A PTSD Memoir: Charlie Lopez Fitzgerald
1997 – 2014
By David Elijah-Nahmod
© 2015 Diversity Rules Magazine and David Elijah-Nahmod. All rights reserved.
David-Elijah Nahmod is a film critic and reporter in San Francisco. His articles appear regularly in The Bay Area Reporter and SF Weekly. You can also find him on Facebook and Twitter.
David developed Post Traumatic Syndrome Disorder (PTSD) after surviving gay conversion therapy as a child and has found that many in the LGBT community suffer from severe, often untreated emotional disorders due to the extreme anti-gay traumas they endured. This column chronicles his journey.
“If you go, I’ll understand
leave just enough love
to fill up my hand.” — Rod McKuen
“His name is Russell,” I was told by the vet in New York City.
“No it’s not,” I said. “It’s Charlie.” And so I took a very frightened kitty home from the vet’s office who had rescued him from the street in the Upper East Side Manhattan neighborhood where I lived during the late 1990s. Until he died on December 4, 2014, Charlie was my closest friend, my family.
The first few months were touch and go. Charlie had been abandoned, and had obviously been abused. He was frightened and didn’t trust me at first. He hissed at me. Soon my hands were covered in scabs from his almost constant biting and scratching. Friends advised me to give him up because he was hurting me. I’m ashamed to admit that I actually considered it. Thank God I came to my senses and kept the little guy.
After about six months with me, Charlie began to calm down–I guess he realized that I wasn’t going to beat him, and besides, I was his food source! One night I was lying on the couch, watching TV. Charlie casually strolled over and gently lay across my tummy. As he purred gently, I looked down upon him and fell hopelessly in love. We were soulmates from that day forward.
In 1999 I became addicted to the daytime soap opera Passions, and was quite amused by a core family on the show who carried the unlikely moniker of Lopez-Fitzgerald. I laughed out loud the first time I heard the name because it sounded so over the top. On that day my kitty’s full name became Charlie Lopez Fitzgerald–I had his medical records altered to reflect his modified name.
When I moved back to California in 2003, Charlie sat quietly on the back seat of my rental car. He was amazingly well behaved during the five day journey, snuggling with me each night in motel rooms. He spent the rest of his life, 11 years, in the apartment where I still live.
Sometimes when I went out he would get angry, wrapping his paws around my ankles. He didn’t want me to leave. When I returned home he would greet me joyously, often jumping up into my arms.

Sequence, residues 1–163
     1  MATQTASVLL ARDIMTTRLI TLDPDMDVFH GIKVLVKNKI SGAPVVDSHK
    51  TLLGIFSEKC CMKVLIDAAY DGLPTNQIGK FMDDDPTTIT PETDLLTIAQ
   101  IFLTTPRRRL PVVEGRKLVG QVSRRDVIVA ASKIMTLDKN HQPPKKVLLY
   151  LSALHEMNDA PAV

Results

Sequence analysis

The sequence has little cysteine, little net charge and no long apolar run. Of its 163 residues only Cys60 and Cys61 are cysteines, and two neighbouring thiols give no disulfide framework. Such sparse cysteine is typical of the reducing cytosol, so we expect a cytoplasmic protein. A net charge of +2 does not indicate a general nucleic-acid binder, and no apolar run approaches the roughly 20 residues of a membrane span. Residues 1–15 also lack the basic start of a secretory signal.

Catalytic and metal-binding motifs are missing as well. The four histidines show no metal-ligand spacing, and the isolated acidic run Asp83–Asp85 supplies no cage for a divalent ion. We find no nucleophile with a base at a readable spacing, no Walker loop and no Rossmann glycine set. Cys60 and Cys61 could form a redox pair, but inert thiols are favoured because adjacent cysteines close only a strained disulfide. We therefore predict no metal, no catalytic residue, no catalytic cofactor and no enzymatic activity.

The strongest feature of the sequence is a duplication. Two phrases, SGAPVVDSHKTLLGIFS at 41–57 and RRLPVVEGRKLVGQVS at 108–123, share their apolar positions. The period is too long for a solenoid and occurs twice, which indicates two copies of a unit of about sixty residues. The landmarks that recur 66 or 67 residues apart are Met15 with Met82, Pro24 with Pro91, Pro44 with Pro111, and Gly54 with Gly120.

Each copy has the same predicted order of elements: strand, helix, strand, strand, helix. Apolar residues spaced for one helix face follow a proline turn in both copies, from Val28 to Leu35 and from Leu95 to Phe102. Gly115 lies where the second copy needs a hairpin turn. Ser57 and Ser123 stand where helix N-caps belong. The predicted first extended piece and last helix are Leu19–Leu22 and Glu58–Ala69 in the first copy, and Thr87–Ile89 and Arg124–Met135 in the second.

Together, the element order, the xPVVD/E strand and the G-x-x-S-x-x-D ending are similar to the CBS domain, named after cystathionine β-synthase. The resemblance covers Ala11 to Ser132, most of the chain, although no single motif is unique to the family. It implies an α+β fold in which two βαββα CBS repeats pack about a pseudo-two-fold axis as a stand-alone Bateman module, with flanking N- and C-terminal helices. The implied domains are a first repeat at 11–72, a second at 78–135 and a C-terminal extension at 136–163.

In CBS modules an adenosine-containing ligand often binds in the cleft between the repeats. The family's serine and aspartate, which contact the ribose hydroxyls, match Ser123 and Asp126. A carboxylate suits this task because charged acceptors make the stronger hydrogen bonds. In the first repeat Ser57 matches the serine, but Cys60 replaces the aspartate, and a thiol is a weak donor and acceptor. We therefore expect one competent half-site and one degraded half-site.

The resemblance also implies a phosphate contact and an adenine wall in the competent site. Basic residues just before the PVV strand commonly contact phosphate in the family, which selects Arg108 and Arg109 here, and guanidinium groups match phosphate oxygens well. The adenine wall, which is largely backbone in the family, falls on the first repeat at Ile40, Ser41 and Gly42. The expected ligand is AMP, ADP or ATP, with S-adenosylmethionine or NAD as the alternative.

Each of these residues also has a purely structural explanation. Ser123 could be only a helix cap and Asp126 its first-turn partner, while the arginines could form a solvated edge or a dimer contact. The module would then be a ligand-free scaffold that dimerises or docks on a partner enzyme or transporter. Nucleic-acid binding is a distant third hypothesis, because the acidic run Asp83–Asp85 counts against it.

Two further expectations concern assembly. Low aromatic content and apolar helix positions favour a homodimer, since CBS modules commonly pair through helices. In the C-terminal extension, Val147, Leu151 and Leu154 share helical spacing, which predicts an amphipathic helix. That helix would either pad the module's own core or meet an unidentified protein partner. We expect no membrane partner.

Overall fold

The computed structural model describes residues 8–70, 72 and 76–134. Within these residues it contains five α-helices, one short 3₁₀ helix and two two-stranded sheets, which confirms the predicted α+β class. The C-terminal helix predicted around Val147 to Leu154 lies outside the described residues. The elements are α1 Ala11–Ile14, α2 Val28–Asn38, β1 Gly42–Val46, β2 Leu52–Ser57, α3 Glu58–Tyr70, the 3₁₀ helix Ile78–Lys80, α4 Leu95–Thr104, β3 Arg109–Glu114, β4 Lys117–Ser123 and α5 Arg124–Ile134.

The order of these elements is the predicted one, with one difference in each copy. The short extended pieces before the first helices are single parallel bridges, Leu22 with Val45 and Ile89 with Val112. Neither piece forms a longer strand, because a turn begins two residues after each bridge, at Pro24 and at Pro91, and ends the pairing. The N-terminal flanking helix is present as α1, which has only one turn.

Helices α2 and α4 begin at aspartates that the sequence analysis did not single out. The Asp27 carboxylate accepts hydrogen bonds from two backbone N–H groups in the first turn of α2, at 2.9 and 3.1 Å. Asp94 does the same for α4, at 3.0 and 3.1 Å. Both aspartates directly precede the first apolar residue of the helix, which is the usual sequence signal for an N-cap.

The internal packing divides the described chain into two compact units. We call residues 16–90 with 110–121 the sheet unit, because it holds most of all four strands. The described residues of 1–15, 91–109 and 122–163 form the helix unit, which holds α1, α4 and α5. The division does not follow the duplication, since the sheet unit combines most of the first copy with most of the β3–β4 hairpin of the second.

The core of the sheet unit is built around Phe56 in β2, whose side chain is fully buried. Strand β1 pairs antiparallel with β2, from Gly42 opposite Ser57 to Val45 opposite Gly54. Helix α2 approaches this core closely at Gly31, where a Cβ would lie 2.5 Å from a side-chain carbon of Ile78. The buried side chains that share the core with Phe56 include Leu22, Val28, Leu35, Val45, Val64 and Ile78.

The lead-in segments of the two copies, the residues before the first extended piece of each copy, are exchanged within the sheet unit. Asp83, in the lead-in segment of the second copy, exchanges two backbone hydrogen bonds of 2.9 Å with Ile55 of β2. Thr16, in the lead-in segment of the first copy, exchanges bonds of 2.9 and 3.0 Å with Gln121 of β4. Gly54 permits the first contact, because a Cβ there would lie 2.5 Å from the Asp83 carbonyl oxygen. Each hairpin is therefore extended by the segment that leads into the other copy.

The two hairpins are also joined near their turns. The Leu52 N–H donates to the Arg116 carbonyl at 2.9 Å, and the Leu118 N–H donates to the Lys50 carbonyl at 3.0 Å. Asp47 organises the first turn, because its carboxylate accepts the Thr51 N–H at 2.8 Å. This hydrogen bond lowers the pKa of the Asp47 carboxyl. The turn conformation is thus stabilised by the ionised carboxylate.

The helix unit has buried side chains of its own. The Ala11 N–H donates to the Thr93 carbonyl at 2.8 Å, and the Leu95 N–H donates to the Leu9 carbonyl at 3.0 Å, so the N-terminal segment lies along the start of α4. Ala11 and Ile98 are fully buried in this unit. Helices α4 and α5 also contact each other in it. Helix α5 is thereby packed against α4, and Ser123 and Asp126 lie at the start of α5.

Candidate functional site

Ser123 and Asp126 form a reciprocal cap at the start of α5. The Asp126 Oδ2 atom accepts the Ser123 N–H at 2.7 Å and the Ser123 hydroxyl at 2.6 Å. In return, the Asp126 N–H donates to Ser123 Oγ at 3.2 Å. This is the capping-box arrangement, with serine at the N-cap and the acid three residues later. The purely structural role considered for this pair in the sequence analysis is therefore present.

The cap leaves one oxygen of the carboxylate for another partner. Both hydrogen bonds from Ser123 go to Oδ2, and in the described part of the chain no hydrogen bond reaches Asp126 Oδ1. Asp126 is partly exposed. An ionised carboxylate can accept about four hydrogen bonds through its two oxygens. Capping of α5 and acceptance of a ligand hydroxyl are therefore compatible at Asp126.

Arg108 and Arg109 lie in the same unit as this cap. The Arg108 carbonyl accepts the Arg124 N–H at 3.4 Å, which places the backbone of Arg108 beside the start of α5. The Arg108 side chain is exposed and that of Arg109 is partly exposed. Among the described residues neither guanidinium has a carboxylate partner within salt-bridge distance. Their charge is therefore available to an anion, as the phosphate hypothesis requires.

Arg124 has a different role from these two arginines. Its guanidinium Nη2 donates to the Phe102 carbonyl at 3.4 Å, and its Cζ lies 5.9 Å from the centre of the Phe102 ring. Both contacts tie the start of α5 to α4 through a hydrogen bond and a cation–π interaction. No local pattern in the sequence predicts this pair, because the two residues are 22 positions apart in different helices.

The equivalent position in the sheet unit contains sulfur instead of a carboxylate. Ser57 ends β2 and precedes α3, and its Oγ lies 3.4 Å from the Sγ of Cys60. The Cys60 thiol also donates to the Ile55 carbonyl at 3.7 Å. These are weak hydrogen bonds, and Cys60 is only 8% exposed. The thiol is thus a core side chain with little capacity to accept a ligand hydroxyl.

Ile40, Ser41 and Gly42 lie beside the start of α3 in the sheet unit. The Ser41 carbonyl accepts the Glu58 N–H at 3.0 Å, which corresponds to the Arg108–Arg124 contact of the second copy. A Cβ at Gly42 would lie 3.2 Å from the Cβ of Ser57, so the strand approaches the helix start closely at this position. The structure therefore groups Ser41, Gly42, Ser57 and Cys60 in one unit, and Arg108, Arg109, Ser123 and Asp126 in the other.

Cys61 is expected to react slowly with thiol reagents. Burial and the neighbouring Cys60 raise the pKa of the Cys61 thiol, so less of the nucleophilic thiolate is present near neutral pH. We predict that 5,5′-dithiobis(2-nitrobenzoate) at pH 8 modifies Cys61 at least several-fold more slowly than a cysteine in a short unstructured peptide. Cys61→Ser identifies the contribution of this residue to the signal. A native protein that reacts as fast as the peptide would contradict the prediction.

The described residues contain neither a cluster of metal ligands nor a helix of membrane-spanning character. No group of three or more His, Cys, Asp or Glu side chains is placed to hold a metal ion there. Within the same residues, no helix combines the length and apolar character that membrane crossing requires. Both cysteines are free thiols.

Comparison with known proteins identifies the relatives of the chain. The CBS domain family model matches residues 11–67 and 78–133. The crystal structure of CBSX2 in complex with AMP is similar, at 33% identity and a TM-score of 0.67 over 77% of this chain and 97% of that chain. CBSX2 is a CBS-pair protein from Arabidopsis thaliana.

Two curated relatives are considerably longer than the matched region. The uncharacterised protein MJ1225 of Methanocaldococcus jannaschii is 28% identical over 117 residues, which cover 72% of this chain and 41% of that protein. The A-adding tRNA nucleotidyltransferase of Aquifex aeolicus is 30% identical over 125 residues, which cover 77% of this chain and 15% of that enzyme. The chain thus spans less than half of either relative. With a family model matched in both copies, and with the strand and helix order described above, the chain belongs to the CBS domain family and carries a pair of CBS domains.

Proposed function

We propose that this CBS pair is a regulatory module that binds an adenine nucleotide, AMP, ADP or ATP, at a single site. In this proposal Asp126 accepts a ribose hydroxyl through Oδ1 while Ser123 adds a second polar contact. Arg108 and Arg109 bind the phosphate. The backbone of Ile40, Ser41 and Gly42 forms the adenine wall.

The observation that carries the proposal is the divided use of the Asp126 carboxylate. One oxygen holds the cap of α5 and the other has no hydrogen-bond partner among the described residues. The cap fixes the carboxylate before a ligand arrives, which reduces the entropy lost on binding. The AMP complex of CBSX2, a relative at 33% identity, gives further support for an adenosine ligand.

When I sat at my desk writing stories, Charlie would sit on the window sill behind me. He was in heaven, in his own little world. I’ve not been in a relationship for many years, but with Charlie in the house I never felt alone. I got so much love from him, and I loved him just as much.
In 2008, a gay blogger subjected me to malicious, inflammatory and false stories which were clearly written out of anti-Semitism. Soon, several other gay bloggers jumped on the bandwagon, literally encouraging a conservative, anti-gay couple to harass me. Being subjected to this kind of hate from the gay and the anti-gay alike left me feeling the deepest despair I’d ever known. For a brief period I was suicidal–the only time in my life I ever had such feelings.
I began searching for a home for Charlie. As soon as I found one, I planned to kill myself. But I wasn’t able to find him that home. I felt responsible for his life, and because of this I didn’t end mine. A few weeks later, the police intervened on my behalf. The anti-gay couple ended their harassment of me and most of the postings about me were deleted.
Were it not for Charlie, and all the love I’d gotten from him, I might not have lived to tell this story. I owe that cat my life.
During the last six months of his life, Charlie began to slow down. His appetite decreased, and he had difficulty jumping onto his favorite perch. He was 17 years old. The vet advised me to prepare for the end.
About a week before he died Charlie stopped eating. I took him to the ER twice that week. On December 3rd I was told that he had a huge tumor in his tummy and would die in a few days. I took him home tearfully and tried to give him as much love as I could. The following morning he barely knew I was there.
On December 4, 2014, at 5PM, I sat with Charlie, gently petting and talking to him while he was put down. Right before he left he reached out and touched me. He knew I was there. Thank God for that.
A week later, I brought his ashes home. They now sit on a bookshelf–I still light memorial candles next to his urn.
A few months ago I went to the animal shelter and brought home a seven month old kitten. I could think of no better way to honor Charlie’s memory than to give a home to a homeless kitty. So many young, healthy cats are put down because forever homes can’t be found for them. And so I saved another kitty, just as I had saved Charlie nearly 18 years ago.
I named my new guy Russell, Charlie’s original name.
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